Meet Opie, my newest Jersey bull calf. Here he is yesterday in the back seat of my truck.
Normally I transport calves in dog crates in the truck bed, but as it was 10° F, I had to make different plans. I tarped the back seat, covered the tarp with an absorbent towel, and tied a lead rope to the passenger seat head rest. At the dairy I buckled a dog collar onto the calf, grunted the calf into the back seat, and snapped on the lead rope. It all worked perfectly — until the rope loosened on the drive.
The calf rode all the way home standing on wobbly legs, hanging his head between the two front seats to sniff curiously at me. I kept my left hand on the steering wheel and my right stretched backwards to steady his rump — source of possible dangerous explosives.
But all was well. After a few plaintive bawls, he stood like a champ, listening with me to love songs from World War II on the CD player.
“I’ll get by… as long as I… have you-u-u-u,” I sang along, turning to drop a quick kiss on his nose.
Here he is waiting in the lamb stall, while I mucked out the cow stall and put down fresh clean shavings.
The timing is not right, just now, for a bull calf. All calves are fragile. Winter calves are even tougher to keep alive. This calf came to me partly because the dairy knows I have experience and his chances for survival are decent.
Moreover this calf won’t be old enough to breed my cows until next January. This doesn’t work in my schedule. Not only do I not want a full-grown bull in my small barn next winter, but I will not want calves born the following October or November.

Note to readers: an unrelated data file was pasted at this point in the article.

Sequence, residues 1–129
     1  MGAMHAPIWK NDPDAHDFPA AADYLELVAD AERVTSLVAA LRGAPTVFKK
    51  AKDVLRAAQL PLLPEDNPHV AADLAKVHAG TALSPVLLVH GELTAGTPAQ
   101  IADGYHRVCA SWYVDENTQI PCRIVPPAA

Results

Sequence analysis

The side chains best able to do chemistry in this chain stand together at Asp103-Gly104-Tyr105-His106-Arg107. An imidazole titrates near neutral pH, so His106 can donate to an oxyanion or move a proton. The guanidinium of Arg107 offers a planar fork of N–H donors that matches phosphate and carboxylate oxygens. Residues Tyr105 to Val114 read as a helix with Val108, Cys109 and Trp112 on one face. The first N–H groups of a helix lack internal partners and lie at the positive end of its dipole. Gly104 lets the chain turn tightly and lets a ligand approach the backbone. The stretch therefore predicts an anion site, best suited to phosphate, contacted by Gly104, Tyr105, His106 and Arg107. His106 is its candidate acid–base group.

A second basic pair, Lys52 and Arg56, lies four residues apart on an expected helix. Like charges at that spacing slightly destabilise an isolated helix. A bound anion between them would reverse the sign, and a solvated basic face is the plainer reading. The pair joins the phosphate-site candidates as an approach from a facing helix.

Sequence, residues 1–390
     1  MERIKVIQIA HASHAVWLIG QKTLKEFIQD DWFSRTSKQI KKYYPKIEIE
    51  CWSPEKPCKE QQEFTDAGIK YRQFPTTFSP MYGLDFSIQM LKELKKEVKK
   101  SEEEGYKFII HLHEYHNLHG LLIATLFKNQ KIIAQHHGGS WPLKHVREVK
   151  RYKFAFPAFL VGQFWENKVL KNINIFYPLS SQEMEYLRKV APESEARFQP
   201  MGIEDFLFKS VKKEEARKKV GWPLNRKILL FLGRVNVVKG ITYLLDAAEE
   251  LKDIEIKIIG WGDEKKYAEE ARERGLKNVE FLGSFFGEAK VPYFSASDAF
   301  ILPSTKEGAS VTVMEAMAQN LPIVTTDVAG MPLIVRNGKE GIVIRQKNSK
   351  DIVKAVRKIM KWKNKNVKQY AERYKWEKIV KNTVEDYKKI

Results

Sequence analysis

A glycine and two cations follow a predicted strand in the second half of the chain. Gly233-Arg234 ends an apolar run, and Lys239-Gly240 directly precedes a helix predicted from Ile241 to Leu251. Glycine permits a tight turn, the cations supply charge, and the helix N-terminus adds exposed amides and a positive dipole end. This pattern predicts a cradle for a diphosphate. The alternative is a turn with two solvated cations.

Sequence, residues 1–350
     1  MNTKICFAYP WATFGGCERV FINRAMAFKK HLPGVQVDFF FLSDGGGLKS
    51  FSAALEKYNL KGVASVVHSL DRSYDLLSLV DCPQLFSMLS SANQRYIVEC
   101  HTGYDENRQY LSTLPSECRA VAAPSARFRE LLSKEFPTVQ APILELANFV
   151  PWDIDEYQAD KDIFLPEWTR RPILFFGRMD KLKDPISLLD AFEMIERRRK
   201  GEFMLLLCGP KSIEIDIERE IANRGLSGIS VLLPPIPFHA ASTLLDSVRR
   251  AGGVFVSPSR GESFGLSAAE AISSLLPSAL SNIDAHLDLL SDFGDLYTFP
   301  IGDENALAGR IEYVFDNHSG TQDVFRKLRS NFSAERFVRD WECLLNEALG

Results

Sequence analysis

So why get him?
- I need a relief milker. Fee, Katika’s own calf, is now a robust six months old and does not need the milk. Weaning her and growing another calf on the supply makes sense.
- Beef is the easiest, cheapest thing I raise. After four or five months on milk, this calf will transition to grass in the spring and grow all summer on free eats.
I have known for some months, when I did not get a bull calf last fall, that I would have to buy a young bullock in the spring or lease a grown bull next fall to breed my cows. I have a season to think about this.
In the meantime, since it is unlikely this calf will be a Lothario to my girls, I decided not to give him the name of a movie star. Instead I looked at his red hair and cute freckles and named him Opie.
The sweetness of babies never fades.